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Fair Labor Association Releases Report on Foxconn Labor Conditions

Fair Labor Association Releases Report on Foxconn Labor Conditions

After beginning their audit of Apple manufacturing partner Foxconn in mid-February, the Fair Labor Association has published a detailed report on their findings, in which they reveal numerous labor violations at all three of Foxconn’s facilities.

From the report:

FLA’s investigation found that within the last 12 months, all three factories exceeded both the FLA Code standard of 60 hours per week (regular plus overtime) and the Chinese legal limits of 40 hours per week and 36 hours maximum overtime per month. During peak production periods, the average number of hours worked per week exceeded 60 hours per worker. There were periods in which some employees worked more than seven days in a row without the required 24 hours off.

While a number of problems were discovered, however, the FLA also reports that Foxconn has committed to improving the labor conditions at their facilities, and has promised to take measures to bring all of their factories into full compliance with Chinese law and FLA standards.

Foxconn has committed to bring its factories into full compliance with Chinese legal limits and FLA standards on working hours by July 2013, according to its remediation plan in FLA’s report. The supplier will bring working hours in line with the legal limit of 49 hours per week, including overtime. This means a reduction in monthly overtime hours from 80 to 36, and would be a significant improvement given that most of the technology sector is struggling to address excessive overtime.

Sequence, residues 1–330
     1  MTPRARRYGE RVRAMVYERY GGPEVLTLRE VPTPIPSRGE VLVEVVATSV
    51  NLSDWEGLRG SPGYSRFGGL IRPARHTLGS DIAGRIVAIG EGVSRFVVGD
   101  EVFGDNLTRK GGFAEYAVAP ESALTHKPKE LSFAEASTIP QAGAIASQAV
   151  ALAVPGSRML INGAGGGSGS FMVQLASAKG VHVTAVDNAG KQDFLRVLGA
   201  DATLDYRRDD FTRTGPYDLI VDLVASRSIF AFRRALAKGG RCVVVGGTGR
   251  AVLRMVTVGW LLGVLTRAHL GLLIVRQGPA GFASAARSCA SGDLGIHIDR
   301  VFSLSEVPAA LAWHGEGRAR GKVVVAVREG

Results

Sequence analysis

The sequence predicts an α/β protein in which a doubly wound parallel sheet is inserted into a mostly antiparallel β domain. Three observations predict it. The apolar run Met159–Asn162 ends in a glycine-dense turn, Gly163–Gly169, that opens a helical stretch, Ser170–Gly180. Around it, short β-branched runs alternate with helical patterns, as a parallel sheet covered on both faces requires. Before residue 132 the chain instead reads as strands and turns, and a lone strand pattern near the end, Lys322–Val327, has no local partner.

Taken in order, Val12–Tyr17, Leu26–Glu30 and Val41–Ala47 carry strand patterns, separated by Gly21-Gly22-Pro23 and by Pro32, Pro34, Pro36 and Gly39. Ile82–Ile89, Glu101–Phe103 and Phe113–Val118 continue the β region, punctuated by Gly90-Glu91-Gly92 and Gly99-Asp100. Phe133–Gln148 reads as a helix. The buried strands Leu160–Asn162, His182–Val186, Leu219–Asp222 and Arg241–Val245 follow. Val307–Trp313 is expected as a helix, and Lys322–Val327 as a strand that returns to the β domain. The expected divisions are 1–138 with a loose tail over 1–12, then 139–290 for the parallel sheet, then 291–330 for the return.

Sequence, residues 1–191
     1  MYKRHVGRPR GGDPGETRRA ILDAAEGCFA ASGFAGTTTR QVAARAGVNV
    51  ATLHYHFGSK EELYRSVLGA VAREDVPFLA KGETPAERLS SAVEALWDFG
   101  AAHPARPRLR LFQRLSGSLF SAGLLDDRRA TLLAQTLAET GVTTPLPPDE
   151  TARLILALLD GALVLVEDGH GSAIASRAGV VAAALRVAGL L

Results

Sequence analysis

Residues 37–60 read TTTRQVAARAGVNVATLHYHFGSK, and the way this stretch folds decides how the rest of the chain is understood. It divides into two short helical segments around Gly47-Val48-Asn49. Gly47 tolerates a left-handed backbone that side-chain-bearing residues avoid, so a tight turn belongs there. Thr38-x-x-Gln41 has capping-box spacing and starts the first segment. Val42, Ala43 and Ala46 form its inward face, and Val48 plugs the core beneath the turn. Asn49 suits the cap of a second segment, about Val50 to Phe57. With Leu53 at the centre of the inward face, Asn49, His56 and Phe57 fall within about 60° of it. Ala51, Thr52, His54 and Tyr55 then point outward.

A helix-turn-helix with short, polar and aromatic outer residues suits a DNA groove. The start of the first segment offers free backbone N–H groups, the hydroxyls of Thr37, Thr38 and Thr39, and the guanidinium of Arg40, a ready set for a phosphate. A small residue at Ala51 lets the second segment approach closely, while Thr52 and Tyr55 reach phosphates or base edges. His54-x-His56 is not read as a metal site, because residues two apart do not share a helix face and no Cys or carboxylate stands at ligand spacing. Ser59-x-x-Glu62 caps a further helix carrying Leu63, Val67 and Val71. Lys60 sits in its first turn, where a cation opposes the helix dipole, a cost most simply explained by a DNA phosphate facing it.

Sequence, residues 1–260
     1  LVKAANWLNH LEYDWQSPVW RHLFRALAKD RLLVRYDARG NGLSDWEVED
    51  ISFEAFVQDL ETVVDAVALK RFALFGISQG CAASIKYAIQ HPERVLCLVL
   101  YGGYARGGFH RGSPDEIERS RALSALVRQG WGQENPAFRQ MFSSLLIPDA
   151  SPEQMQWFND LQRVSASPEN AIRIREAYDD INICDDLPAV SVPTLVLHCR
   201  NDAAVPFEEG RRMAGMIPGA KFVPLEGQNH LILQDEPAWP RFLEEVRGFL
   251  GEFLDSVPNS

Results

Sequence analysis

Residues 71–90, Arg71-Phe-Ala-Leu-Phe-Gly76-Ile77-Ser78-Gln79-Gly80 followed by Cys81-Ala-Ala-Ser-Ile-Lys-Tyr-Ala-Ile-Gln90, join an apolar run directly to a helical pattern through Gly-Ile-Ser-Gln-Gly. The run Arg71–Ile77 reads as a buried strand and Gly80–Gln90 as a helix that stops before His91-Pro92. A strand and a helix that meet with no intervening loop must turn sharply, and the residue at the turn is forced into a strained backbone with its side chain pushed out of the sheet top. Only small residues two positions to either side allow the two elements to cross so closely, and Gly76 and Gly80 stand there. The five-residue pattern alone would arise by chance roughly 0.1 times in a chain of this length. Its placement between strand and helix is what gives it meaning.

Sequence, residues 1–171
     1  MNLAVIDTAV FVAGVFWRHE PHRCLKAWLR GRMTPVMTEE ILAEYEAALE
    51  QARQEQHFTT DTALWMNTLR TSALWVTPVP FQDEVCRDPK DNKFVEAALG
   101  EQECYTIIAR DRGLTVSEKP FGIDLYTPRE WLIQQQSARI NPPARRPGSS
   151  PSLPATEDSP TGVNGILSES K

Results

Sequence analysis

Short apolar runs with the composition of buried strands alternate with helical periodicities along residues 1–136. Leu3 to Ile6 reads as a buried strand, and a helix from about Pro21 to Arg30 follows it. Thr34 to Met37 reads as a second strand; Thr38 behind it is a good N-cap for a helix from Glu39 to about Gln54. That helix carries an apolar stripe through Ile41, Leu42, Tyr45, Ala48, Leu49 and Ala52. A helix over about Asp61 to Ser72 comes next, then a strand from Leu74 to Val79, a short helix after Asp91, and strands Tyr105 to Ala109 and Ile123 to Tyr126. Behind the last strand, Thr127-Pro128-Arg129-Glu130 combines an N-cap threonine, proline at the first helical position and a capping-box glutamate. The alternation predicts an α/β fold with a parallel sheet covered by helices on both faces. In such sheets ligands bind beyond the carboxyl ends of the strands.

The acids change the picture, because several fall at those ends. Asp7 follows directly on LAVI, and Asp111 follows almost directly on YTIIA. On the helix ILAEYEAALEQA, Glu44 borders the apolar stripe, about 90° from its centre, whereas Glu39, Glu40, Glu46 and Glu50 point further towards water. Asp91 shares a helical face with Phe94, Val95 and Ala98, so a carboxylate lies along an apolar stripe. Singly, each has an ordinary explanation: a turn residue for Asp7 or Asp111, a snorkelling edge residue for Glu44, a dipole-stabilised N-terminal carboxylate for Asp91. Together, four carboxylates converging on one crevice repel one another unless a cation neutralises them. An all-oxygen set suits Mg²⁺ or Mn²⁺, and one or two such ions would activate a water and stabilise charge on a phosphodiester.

Foxconn  has also agreed to provide a compensation package in order to protect workers from lost income due to the reduced number of overtime hours, and has also agreed to increase their workforce, while building additional housing and amenities for workers.

All things considered, this seems like a great result. These issues should not have existed in the first place, but thanks to Apple’s proactive decision to order an audit, the labor conditions at these facilities will now improve significantly.